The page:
This short article, written by Matt O’Conner and published by Health Imaging, discusses the real time savings of structured reporting in radiology, a well-proven workflow used in cardiology imaging. Freeland’s AccessPoint® Connected Care Solutions offer structured reporting frameworks adaptable for all imaging exam types.
You can find the original article at this link: RSNA21: Referring providers receive radiology reports 35 minutes faster under structured framework
Matt O’Connor | November 29, 2021 | Enterprise Imaging
Radiology residents using structured templates produce reports requiring fewer edits in substantially less time, new data shared Monday during the RSNA annual meeting suggests.
Many prior investigations have demonstrated the qualitative benefits of structured reporting, including enhanced communication between providers, report clarity, etc. But there remains a need for more quantitative, real-world data to underscore gains in clinical practice.
Jan Vosshenrich, MD, and his radiology colleagues at University Hospital Basel in Switzerland took this to heart, creating in-house reporting templates for neuroradiology CT exams.
Residents’ draft, preliminary and final reports were all tracked for more than one year, concluding in March 2020. Vosshenrich et al. developed an automated system that captured the number of edits required during each stage of the reports.
Looking back over 3,538 documents, the team found notable gains when using templates versus free-text methods.
“We could see that the mean similarity of the residents’ initial draft reports and final draft increased significantly,” Vosshenrich explained Monday.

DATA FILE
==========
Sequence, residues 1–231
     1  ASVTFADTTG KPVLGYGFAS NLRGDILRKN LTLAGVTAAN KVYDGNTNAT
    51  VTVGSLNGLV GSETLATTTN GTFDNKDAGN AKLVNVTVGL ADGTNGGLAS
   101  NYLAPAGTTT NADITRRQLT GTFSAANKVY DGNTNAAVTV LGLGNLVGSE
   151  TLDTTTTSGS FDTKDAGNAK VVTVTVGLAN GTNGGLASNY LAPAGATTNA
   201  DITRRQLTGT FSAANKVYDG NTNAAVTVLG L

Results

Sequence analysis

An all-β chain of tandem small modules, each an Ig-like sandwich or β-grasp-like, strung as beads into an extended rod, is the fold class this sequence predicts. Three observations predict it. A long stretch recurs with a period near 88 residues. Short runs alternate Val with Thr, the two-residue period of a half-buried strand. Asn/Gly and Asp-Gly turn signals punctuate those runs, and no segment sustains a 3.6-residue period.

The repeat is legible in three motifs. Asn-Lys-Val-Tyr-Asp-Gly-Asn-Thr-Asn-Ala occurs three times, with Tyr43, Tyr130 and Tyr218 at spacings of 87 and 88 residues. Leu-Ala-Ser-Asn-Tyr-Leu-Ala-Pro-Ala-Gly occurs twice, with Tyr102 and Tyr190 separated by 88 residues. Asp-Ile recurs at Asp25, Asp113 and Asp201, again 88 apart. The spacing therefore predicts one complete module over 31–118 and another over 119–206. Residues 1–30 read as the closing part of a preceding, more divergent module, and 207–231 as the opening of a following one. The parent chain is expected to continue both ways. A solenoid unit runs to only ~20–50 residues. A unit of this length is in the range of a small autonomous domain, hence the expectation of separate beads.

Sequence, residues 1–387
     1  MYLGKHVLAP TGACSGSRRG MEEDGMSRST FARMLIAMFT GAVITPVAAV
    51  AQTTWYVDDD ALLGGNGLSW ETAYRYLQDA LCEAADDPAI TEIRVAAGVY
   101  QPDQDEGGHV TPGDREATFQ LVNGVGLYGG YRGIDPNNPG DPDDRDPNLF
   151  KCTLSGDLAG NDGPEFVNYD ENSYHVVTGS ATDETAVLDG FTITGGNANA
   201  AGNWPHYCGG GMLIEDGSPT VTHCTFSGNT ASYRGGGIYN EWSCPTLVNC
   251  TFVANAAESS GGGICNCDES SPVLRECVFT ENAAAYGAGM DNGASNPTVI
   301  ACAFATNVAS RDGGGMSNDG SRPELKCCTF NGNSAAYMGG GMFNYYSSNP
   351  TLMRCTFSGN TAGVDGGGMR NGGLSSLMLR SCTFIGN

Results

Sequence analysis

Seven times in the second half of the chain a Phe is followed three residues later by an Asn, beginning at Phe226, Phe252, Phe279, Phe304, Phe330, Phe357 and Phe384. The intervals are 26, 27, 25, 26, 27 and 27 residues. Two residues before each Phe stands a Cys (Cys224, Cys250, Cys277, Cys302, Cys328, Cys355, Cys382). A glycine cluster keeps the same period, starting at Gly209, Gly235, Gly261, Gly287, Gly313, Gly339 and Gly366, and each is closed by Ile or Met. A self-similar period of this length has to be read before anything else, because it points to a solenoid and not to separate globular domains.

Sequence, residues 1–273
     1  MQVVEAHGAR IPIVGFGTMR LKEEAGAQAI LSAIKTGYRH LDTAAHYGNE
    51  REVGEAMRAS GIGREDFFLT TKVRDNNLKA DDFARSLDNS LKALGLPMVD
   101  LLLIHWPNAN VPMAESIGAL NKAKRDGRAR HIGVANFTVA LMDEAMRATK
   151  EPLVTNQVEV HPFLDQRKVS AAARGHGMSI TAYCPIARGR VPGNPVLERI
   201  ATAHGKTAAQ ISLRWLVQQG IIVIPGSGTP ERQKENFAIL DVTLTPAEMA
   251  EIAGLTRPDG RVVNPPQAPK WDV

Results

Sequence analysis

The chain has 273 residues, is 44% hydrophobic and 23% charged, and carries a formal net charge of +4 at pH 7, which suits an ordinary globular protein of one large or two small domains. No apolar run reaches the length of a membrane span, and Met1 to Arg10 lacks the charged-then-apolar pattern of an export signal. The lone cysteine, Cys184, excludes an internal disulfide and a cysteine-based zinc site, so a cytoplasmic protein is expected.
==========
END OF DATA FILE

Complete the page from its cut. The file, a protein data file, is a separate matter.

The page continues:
Specifically, initial drafts showed a 77% similarity with finalized documents. By comparison, free-text reports were only 53% similar from inception to completion.
This held true across individual report templates as well, he noted, including CT for head, stroke and polytrauma indications.
Essentially, residents using templates required fewer overall edits from their draft documents to their finalized radiology report. This also lightened the proofreading workloads for attendings signing off on rad reports.
What’s more, reports were available in electronic health records more than 20 minutes faster than usual and referring providers could access documents 35 minutes quicker, on average, under the structured reporting framework.
“In conclusion, we can say that this reduction in workload seems to positively impact the efficiency in the department because report turnaround times also decreased significantly,” Vosshenrich explained.